As I thought about this, I realized a distinction is made between crises that occur because of inadequate planning/execution (avoidable crises) and crises that occur mostly because of external, unexpected changes in circumstances (unavoidable crises).
Pulling from some real-life crises I've seen recently, an avoidable crisis would happen when you realize you forgot to file paperwork to get health insurance and your child is due to be born any minute. An unavoidable crisis would kick into gear when you get a phone call indicating your mother has had a stroke.
The response in either case is the same - DROP your lists, because the highest priority and the first action in this "project" becomes obvious. Call the insurance company, or go to the hospital to talk to mom and the doctors.
GTD becomes invaluable in both crises, but for different reasons:
Avoidable crises: Ideally, with GTD you should be able to see the lay of the land and prioritize well enough to prevent these entirely. In the real world, when you're not a mind-like-water black belt and an avoidable crisis occurs, GTD provides the framework to:
1. Have the materials you need organized enough to work through it more efficiently and faster.
2. Allow for you to pick up where you left off after the crisis is finished. Instead of the slightly-confused "now, where was I" feeling, you can simply pick up your next-action list and keep going.
3. Once you've come through the avoidable crisis, you have the tools to figure out how to prevent it next time - where did the gap occur here? Did you collect something but didn't process it correctly? Did you neglect to do weekly reviews until a project snuck up on you? Is there something that isn't getting checked that should be, and should therefore be included somewhere in your process? Do you need to create a project to maintain or periodically fix whatever it was that broke?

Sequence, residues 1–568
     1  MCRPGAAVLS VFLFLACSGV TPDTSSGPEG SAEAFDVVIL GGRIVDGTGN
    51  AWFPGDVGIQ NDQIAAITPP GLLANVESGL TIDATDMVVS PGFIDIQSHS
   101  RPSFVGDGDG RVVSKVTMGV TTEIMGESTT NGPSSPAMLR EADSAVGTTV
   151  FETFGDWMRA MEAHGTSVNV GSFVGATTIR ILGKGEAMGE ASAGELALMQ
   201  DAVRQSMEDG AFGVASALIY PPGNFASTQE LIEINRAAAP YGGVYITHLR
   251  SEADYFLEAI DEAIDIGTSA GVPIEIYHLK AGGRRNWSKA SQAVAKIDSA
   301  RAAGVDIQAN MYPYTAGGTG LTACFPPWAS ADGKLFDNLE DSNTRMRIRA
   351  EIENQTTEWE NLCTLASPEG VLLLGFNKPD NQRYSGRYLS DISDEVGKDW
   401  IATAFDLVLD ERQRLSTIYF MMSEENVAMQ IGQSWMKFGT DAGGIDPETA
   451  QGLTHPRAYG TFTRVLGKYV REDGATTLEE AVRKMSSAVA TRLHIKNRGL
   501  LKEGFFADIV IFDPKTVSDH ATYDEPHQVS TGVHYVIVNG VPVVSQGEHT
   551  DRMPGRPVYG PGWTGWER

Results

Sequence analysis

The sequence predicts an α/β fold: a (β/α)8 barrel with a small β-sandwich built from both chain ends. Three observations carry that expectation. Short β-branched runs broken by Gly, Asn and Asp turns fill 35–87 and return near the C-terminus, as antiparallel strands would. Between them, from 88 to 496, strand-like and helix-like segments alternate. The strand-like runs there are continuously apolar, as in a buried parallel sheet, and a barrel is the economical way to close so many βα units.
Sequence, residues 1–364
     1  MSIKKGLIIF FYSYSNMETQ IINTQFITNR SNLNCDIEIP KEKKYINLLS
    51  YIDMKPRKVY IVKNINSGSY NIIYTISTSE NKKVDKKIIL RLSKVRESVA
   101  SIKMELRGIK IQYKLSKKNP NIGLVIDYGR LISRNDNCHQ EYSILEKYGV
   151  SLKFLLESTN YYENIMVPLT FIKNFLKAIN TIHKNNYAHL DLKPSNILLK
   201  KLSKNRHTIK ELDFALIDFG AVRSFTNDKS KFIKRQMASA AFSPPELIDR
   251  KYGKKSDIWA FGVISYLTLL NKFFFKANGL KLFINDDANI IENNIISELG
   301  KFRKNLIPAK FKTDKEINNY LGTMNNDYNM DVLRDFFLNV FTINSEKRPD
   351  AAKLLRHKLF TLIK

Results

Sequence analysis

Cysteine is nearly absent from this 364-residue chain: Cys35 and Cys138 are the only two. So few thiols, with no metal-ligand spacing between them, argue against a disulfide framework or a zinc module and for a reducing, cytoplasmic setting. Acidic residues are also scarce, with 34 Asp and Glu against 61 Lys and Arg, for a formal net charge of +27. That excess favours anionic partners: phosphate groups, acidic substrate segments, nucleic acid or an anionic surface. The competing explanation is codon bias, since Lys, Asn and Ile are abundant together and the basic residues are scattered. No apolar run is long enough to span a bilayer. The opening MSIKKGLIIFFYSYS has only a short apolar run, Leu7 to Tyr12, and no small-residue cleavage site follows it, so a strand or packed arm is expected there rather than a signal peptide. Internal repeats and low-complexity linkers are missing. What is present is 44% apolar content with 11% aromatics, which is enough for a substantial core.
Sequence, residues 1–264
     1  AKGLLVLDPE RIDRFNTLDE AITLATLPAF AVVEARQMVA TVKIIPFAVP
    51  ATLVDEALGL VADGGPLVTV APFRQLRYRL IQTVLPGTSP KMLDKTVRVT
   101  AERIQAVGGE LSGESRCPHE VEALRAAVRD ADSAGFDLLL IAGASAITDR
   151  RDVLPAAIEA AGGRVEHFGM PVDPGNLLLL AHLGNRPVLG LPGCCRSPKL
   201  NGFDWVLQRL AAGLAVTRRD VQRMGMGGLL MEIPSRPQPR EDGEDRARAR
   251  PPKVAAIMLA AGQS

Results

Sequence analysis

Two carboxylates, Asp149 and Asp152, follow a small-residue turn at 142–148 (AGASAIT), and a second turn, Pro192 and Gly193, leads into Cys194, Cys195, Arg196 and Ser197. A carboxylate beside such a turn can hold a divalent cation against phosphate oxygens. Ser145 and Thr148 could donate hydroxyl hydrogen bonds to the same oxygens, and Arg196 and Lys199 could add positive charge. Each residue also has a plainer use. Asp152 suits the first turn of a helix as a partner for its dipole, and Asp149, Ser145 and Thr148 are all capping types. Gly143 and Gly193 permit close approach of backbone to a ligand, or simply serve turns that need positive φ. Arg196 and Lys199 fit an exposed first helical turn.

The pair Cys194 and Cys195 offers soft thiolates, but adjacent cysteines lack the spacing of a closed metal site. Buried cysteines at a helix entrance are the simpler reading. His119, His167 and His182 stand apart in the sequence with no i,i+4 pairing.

Unavoidable crises: Having your next actions documented allows you to completely focus on mom. The list will be there when you get back. Sometimes you can literally hand a context list or project folder to someone else to handle until you can recover from the crisis. Without GTD, that wouldn't be possible.
During any crisis, your ability to effectively process information goes down to zero. I disagree that the next action during a life crisis always obvious. When this happens, continue capturing. I've been there When a medical crisis occurs, all you can do is collect the myriad of instructions, requests, deadlines, notes, and handouts, and though it feels mundane, when you get home and collapse into a chair crying, at least those responsibilities are not swimming around in your head. They are waiting in a notebook for you to read, process, and do WHENEVER YOU'RE READY.
That's the key for GTD. It stops and starts, but as long as you're somehow using the workflow Allen prescribes, it is helpful. I know business crises feel different from personal ones, but the workflow is the same. Collect, process, organize, review, do. Do what you can, when you can.